Popular Culture and English Language Teaching: A Bridge and Not a Barrier in the Second Language Classroom

Popular Culture and English Language Teaching: A Bridge and Not a Barrier in the Second Language Classroom

Georgette M. Delevante (University of the West Indies Mona Campus, Jamaica)
Copyright: © 2019 |Pages: 19
DOI: 10.4018/978-1-5225-9228-0.ch012

Abstract

Traditionally, the application of methods pedagogy has been limited and ineffective in capturing the imagination of today's students. Students have echoed, especially in a globalized and technologically-driven world that traditional content based on existing curriculum is irrelevant and inapplicable to their lived experiences. As a result, the paradigm shift offered by post-methods pedagogy is one which empowered teacher autonomy and provides a meaningful context in which popular culture represents a bridge rather than a barrier between the student's world, of which popular culture plays an important part, and the English language classroom. By creating synergies thematically and historically with popular music, film, and social media, a bridge to providing a fresh perspective to traditional content is explored.
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Introduction

The first language landscape has emerged through its many evolutionary phases as a rich expression of cultural diversity. Globally culture and its many forms of manifestation represent the blueprint upon which unique people have framed their identity. It is this historical backdrop that gives credence to the expression of cultural identity as a ‘melting pot’. Students within the primary demographic being discussed of the United States (US) and the Caribbean are both culturally diverse and classrooms have students of various backgrounds. It represents the reformulation of the original imprints of a people seeking individuality and the creation of a unique cultural identity through interaction with everyday life and language. We may view the rise of popular culture within this broad framework.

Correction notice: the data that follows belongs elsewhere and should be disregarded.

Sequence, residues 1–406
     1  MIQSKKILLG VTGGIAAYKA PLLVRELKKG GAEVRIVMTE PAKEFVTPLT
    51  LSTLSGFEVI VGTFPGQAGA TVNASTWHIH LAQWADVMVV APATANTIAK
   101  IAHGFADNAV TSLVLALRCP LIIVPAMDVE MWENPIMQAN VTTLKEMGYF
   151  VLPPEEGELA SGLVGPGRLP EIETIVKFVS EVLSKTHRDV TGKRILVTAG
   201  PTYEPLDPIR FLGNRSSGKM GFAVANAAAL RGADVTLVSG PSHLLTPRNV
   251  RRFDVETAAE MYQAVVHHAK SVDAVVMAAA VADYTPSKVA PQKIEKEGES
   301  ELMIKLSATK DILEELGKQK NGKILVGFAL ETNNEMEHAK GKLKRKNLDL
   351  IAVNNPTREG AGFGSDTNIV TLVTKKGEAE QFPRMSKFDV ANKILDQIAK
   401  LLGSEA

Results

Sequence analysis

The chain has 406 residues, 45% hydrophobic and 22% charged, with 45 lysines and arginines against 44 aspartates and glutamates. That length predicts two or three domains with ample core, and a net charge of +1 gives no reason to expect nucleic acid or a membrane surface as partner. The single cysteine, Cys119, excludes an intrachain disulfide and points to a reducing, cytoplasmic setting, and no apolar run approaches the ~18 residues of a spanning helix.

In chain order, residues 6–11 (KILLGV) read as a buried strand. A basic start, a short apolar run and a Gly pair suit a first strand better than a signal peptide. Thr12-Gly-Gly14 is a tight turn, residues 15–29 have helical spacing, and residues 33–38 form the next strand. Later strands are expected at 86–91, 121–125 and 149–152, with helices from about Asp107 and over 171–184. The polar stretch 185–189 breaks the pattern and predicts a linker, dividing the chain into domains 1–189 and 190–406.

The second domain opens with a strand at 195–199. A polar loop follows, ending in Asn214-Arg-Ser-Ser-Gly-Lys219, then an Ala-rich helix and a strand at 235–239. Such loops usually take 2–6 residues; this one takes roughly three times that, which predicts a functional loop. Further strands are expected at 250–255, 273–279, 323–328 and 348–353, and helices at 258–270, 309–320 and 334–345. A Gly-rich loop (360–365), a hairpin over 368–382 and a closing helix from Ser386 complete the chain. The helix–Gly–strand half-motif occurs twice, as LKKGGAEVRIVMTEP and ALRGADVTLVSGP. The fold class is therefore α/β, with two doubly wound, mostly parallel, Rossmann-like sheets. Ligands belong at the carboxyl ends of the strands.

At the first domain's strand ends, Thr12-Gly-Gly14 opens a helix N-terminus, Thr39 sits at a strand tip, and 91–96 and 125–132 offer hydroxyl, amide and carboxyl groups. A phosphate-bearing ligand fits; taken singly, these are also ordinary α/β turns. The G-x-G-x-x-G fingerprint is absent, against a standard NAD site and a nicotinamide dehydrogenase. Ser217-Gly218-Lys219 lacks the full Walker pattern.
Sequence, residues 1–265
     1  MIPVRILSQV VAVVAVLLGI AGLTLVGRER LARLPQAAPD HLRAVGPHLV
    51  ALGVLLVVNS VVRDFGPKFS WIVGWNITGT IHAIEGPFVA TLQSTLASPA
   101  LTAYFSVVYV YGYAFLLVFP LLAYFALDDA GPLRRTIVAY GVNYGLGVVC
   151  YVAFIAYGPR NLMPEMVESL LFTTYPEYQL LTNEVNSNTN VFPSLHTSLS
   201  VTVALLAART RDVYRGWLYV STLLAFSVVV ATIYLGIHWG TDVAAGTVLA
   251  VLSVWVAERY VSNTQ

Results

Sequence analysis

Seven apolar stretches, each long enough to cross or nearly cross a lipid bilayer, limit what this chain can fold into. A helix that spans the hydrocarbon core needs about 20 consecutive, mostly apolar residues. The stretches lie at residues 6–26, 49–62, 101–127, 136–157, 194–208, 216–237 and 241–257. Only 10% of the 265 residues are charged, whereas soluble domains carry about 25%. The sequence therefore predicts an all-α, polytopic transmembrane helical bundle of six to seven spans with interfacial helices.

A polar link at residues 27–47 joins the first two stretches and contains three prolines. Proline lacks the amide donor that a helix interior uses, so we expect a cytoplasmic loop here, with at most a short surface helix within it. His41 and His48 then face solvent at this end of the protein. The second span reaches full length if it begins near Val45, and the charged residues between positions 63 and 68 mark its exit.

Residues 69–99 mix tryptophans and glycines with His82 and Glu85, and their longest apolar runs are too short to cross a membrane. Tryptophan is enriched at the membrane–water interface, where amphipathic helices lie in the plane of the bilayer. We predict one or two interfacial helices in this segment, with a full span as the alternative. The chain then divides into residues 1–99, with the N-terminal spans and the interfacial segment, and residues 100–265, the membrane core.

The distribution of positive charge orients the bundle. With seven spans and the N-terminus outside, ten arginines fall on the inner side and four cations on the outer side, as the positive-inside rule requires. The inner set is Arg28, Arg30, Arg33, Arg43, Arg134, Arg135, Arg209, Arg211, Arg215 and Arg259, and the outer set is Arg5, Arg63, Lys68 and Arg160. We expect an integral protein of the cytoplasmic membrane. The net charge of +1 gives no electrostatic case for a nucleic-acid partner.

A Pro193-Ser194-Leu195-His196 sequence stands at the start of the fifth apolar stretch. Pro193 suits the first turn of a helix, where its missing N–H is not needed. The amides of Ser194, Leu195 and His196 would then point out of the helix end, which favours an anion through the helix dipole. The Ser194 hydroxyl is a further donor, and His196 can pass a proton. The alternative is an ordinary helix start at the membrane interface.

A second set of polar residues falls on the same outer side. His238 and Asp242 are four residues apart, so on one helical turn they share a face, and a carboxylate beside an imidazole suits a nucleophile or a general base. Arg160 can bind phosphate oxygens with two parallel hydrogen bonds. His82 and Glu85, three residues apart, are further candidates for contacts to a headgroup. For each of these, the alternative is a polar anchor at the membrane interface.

Traditionally, students within the cultural ‘melting pot’ adopted readily to expressions that represent what is popular as it relates to music, dance, film, language and other cultural forms of expression. Students want to engage with current internet-generated content, modern music and speak the latest ‘slang’ from their environment. As a result, the unique language form of creole created by the people emerged. This is the first language of these students. Gained organically from the home environment, they embraced this indigenous native language as the first communicative language tool. Invariably, it is the native or natural cultural expression that forms a part of the popular cultural movement.

Juxtaposing the traditional with the modern manifestation of the first language context, globalisation and technological advancement has increased the speed and ease of communication which internet technology has facilitated. Therefore, students have become experts of sorts in social media communication, video sharing, instant messaging and other emerging technologies. These innovations facilitate the spread of modern culture and shifts in the language matching the 'trends' among teenagers globally. The saturation of these students in this modern culture has caused students to have feelings of alienation from the target English Language or second language acquisition because many students embrace their first language from birth until school attendance. It is expected by school administrators that students must learn the second language and discard the first one. This is very difficult to achieve without more. As a result, teachers have found it difficult to surpass what they deem to be a barrier to second language competencies. It is this traditional perspective that will be challenged to show that the modern or popular culture should not be alienated from the English Language classroom. Conscious efforts must be made towards integration to provide a bridge between students and effective second language acquisition strategies.